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‘Woke-opoly’: Hasbro Updates Monopoly Game

Is This A Good Move To Sell Products, Or Is It Pandering To Make a Buck?

Hasbro, the maker of Monopoly, is the latest company to join brands like PepsiCo, P&G, and Johnson & Johnson in making changes to their logos, product names, or mascots over the past year.

In February, Hasbro dropped “Mr” from the “Potato Head” brand name and logo to make its toy line more gender-neutral. As companies work to address social issues including racism and gender identity, we have watched Aunt Jemima change a 130-year-old brand to “Pearl Milling Company,” Land O Lakes drop an iconic image of an indigenous woman from its packaging and many others. Now in an attempt to boost revenue and update its product to be more “socially conscious,” Hasbro is allowing the public to vote on 16 new cards that will completely replace the Community Chest game cards.

 

 

Monopoly Is Part of a Revenue Growth Strategy

Monopoly is incredibly important to Hasbro. In 2021, the company is seeking double-digit revenue growth and this game has earned the company $3 trillion since 1935. Hasbro typically sells 275 million copies of the game every year and to keep things fresh, they have introduced over 1100 versions of the game.

This year, Rich Uncle Pennybags will introduce three new versions of the game: Monopoly Builder, Monopoly Crooked Cash, and this new “Socially Aware” version of Monopoly.

Leading up to the Fall release of this new “Woke-monopoly,” Hasbro is allowing the public to vote on the Community Chest replacement cards. From what we have observed, the newly proposed Community Chest cards will strive to penalize selfishness, as well as failures to recycle and shop locally.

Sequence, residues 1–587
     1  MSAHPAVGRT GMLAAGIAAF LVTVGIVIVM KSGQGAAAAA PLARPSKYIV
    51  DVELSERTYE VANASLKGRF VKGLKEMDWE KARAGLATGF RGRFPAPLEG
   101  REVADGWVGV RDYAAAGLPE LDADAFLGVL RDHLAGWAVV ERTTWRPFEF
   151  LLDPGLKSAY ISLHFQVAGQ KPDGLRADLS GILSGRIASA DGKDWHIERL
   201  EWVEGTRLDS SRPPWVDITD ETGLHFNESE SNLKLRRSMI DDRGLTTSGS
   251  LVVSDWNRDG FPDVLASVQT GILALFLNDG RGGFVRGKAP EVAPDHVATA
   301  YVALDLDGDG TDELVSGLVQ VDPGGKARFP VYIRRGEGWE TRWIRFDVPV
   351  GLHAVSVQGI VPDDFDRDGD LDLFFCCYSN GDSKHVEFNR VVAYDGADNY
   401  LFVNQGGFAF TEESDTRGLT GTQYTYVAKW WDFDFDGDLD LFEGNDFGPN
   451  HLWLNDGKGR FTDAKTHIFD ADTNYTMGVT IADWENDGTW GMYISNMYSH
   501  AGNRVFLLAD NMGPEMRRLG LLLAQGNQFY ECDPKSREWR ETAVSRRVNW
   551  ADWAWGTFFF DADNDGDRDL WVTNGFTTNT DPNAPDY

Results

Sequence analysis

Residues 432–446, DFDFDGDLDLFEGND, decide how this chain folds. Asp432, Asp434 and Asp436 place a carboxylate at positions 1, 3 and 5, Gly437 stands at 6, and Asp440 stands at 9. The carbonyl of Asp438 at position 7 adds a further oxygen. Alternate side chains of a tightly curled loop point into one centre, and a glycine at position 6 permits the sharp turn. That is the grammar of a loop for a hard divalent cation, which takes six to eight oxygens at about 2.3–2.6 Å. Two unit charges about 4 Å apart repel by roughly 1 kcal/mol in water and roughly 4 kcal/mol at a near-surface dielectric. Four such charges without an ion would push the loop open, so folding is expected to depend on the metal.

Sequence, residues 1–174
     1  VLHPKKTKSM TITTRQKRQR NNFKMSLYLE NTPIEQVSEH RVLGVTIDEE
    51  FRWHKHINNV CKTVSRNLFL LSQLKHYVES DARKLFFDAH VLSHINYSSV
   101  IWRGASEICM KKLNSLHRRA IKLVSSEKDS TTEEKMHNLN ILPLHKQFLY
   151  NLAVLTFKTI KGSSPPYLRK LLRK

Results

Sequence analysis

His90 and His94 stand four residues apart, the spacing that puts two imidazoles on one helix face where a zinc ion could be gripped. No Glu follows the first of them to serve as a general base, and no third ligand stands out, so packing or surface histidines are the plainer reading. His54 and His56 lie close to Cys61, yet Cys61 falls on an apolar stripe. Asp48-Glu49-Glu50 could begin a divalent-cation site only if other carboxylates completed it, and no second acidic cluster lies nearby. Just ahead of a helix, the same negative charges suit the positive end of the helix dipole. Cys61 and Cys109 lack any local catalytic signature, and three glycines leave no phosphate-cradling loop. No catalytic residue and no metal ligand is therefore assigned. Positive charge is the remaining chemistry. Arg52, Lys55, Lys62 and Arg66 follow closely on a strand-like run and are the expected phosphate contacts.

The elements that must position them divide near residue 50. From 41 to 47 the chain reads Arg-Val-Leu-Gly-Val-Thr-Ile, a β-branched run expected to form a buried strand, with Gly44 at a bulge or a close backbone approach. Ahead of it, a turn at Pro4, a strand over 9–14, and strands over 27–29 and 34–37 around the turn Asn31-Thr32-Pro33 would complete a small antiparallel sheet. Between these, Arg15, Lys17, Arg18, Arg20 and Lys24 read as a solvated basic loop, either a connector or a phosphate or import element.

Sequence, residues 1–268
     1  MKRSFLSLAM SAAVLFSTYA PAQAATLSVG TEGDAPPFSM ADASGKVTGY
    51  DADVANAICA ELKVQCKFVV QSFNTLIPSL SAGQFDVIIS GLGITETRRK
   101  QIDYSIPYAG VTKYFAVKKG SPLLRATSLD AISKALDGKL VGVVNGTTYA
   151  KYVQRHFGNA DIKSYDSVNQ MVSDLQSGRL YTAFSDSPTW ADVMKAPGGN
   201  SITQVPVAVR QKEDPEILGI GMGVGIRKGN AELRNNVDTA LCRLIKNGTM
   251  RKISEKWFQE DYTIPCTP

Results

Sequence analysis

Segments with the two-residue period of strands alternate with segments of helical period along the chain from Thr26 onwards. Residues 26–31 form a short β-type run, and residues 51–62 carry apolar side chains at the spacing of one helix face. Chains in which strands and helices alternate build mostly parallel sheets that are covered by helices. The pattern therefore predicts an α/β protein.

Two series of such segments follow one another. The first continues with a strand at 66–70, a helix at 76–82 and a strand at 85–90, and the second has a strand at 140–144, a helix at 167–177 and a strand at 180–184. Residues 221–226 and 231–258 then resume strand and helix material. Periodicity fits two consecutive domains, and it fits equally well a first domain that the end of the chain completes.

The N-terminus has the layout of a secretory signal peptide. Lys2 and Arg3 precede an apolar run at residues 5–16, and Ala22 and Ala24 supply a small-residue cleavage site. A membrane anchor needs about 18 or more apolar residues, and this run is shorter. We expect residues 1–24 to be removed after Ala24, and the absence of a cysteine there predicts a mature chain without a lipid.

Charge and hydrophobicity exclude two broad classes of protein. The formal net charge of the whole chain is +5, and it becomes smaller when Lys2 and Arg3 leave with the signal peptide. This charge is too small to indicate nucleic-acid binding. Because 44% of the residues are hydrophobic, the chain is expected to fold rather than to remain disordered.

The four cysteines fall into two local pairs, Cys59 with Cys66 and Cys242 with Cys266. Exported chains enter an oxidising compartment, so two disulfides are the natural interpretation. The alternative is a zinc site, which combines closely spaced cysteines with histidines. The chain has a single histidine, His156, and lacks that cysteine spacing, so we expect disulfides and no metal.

Hasbro Hit With Mockery On Social Media

As a company, it is always important to measure the temperature in the room. Gap, Inc. failed to do this with its “unity” sweatshirt Tweet that was published after the 2020 US presidential election.

So far feedback from users on social media has been very mixed with support from users that are happy to see the change countered by others who say that the company’s attempt to connect with recent events falls way short.

Here Is Some of the Feedback

  • “Don’t tamper with a classic. I still want to win the beauty contest.”
  • “Monopoly was antiquated when I first play it several decades ago. Even as a kid, I always thought it added to the charm of the game.”
  • “What makes the game awesome is the dated quality…”
  • “Add a ‘You’ve Been Canceled’ card that prevents players from collecting any income, even when passing Go.”
  • “Is there a ‘Peaceful Protest’ card that burns down competitors’ houses, hotels, and businesses?”
  • “Base it on Portland – more expensive properties are burned to the ground and you get cash for landing on someone else’s property.”

 

 

What To Expect

While the mixed feedback is real, Hasbro’s Monopoly brand is not going away anytime soon. Whether the brand is hoping to make a buck by simply pandering to social justice warriors or it is genuine in its efforts to introduce a more updated, “socially aware” version of the game, the publicity gained around this story alone is good for the company’s product sales. Hasbro leveraged this campaign to create headlines and to get the public talking about their products. This heightened awareness may turn into new revenue.

While the staying power of this new game version is untested and has a mixed response, the classic version is already time-tested and it may never truly go away.

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Author: S. Adam Rizzieri
Co-founder & Chief Marketing Officer // Agency Partner Interactive